Section: New Results
Erythroid differentiation displays a peak of energy consumption concomitant with glycolytic metabolism rearrangements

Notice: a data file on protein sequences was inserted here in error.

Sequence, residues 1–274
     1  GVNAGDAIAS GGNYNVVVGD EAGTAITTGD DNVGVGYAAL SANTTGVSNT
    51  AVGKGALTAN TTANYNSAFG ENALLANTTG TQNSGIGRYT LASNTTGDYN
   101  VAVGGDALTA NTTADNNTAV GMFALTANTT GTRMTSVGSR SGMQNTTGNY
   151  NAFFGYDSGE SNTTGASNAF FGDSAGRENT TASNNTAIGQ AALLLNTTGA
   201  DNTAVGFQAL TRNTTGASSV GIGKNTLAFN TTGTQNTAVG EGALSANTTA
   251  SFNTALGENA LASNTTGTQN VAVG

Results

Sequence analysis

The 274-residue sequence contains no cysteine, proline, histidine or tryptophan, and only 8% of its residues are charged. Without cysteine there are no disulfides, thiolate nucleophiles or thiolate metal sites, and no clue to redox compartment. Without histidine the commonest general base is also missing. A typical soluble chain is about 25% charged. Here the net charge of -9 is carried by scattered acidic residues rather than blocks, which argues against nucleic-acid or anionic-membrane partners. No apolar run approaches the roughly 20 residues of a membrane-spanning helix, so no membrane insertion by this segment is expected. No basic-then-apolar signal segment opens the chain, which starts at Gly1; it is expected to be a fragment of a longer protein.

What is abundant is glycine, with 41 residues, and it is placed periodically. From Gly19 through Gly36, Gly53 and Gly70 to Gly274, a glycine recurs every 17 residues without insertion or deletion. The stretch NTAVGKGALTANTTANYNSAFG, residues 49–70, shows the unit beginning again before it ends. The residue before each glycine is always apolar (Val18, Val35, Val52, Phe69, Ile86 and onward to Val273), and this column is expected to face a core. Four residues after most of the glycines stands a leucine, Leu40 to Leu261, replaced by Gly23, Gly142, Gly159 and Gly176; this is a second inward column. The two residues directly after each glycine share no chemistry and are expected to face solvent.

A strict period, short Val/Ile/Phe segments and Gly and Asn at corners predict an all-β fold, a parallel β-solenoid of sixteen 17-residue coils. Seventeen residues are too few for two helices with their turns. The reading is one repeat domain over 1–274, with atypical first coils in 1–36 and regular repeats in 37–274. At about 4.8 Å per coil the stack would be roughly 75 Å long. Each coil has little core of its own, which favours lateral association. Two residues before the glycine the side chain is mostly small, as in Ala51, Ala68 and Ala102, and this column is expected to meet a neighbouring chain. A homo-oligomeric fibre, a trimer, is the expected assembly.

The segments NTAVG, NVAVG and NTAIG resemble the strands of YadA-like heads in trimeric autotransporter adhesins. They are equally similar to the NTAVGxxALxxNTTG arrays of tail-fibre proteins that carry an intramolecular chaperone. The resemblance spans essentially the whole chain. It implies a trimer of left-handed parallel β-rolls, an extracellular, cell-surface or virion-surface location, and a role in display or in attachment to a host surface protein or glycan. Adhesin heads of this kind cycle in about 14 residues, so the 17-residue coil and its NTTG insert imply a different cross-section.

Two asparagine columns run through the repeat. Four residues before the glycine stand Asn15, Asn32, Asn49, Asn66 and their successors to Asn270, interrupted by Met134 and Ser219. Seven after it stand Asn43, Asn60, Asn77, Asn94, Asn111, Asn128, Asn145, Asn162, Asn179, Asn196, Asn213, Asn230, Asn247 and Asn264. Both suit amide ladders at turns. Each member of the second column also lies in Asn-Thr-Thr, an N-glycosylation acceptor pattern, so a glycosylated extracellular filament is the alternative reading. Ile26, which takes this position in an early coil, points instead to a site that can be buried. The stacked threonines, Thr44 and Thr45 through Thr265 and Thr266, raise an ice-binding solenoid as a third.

Our previous single-cell based gene expression analysis pointed out significant variations of LDHA level during erythroid differentiation. Deeper investigations highlighted that a metabolic switch occurred along differentiation of erythroid cells. More precisely we showed in  that self-renewing progenitors relied mostly upon lactate-productive glycolysis, and required LDHA activity, whereas differentiating cells, mainly involved mitochondrial oxidative phosphorylation (OXPHOS). These metabolic rearrangements were coming along with a particular temporary event, occurring within the first 24h of erythroid differentiation. The activity of glycolytic metabolism and OXPHOS rose jointly with oxgene consumption dedicated to ATP production at 12-24h of the differentiation process before lactate-productive glycolysis sharply fall down and energy needs decline. Finally, we demonstrated that the metabolic switch mediated through LDHA drop and OXPHOS upkeep might be necessary for erythroid differentiation. We also discuss the possibility that metabolism, gene expression and epigenetics could act together in a circular manner as a driving force for differentiation.